• Language: In Taipei you can get by with pidgin English. In rural areas you are very much on your own, however Google is marvellous at translating into Mandarin and both displays the text and speaks it. Note that Mandarin is not the only language in Taiwan and you may come across someone who is a Hokkien speaker. I am guessing this is what happened to me once or twice, and I reverted to basic sign language which is universally understood.
  • Money and Prices: The Taiwanese currency is the TWD. At the time of my visit I got about 40 to the pound. Cash machines are abundant, and generally found in most 7-11s or Family Marts. Hotels were pleasantly cheap, food even more so. Parking in central Taipei cost about 50 TWD per hour, and a full tank of fuel for the car cost 1500 TWD. A new tyre was 2400 TWD…. My total spend including the tyre over the five days was just under £300.
  • Food: Armed with a few basic Mandarin phrases and an uncanny ability to replicate the sounds that animals like ducks and chickens make, I ate excellent and cheap food. Roast duck, vegetables and rice one evening cost 80 TWD. The most expensive meal I ate was the equivalent of £7 in a restaurant near Wulai. 7-11s provided breakfast and lunch. Generally this was sushi or a pot-noodle. In the UK if you can still find a 7-11 it will be shit. In Taiwan they are a fundamental part of life and completely excellent. Pot noodles came in a million varieties, cost next to nothing, and the 7-11s all have boiling water and microwaves on standby for customers.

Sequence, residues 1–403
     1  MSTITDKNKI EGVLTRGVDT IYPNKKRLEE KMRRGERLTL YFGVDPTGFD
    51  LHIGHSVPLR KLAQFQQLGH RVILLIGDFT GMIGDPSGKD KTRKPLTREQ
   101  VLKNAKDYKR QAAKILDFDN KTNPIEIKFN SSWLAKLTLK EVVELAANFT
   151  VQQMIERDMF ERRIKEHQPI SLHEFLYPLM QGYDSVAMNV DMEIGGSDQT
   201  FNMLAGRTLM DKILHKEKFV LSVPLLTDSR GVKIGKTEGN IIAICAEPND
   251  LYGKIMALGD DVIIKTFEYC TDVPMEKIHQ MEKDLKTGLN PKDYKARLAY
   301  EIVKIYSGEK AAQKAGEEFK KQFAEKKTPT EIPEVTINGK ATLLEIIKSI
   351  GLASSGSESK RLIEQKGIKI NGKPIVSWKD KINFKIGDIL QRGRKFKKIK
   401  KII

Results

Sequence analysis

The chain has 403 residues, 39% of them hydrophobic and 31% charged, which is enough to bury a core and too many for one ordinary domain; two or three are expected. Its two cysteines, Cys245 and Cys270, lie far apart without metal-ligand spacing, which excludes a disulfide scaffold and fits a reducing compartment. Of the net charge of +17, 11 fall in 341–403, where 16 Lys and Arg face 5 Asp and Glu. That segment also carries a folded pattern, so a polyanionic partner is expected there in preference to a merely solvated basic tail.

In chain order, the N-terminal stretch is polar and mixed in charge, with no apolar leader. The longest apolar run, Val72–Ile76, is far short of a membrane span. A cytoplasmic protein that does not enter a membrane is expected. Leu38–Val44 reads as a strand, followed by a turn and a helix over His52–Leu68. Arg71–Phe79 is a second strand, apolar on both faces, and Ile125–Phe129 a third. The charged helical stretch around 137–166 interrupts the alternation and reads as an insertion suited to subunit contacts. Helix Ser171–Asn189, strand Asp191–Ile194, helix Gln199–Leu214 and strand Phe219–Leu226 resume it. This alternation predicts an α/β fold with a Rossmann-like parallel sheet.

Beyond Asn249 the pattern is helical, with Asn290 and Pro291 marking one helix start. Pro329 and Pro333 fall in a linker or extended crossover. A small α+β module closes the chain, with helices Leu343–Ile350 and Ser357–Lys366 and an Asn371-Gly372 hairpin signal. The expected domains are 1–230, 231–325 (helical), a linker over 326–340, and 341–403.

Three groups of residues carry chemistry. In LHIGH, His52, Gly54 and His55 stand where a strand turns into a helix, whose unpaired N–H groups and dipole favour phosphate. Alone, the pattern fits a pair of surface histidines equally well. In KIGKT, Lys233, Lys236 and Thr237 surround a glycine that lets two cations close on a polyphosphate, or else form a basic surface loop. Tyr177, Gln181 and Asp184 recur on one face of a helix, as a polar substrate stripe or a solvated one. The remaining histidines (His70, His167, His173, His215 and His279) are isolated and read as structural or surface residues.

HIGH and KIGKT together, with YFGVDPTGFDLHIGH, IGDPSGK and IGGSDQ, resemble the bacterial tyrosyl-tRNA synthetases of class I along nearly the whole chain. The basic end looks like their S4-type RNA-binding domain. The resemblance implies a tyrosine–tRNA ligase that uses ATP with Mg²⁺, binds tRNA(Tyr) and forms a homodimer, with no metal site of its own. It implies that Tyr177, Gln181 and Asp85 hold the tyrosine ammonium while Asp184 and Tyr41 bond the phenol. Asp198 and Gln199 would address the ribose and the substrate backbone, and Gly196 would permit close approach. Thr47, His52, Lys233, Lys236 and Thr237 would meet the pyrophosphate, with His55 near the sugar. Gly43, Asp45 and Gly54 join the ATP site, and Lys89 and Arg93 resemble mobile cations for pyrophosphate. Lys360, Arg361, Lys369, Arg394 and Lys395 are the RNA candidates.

• People: Extremely friendly and helpful, especially in times of need, and lots of smiling. The chap who fixed my tyre made me a coffee and his wife insisted on making up my pot noodle. Everyone says hello, either in Mandarin “Ni-hao”, or in English if they can manage it, and change is returned with a small bow.
  • Health and Safety: Taiwan is one of the safest countries in Asia, at no point did I feel in any danger whatsoever wandering around with tons of optics, nor leaving stuff in the car.
  • Literature: I used the Birds of East Asia by Mark Brazil which was all I needed. It is admittedly a little bulky, but it will fit into a cargo pocket if you bend it a bit. Field guides are supposed to be abused. Various trip reports of the web were consulted, especially on the main areas like Daxueshan and Wushe-Wuling, and in Richard Rae’s who happens to be a mate of mine and did a similar solo trip in 2012. The ever-fabulous EBird.org helped me work out what had been seen recently at these sites, and when time was tight helped me work out where my remaining targets were concentrated.

Birding Areas

Hsinchu (1)
  • Jincheng Lake and surrounding area good for Ducks and Waders (24.810249, 120.910903)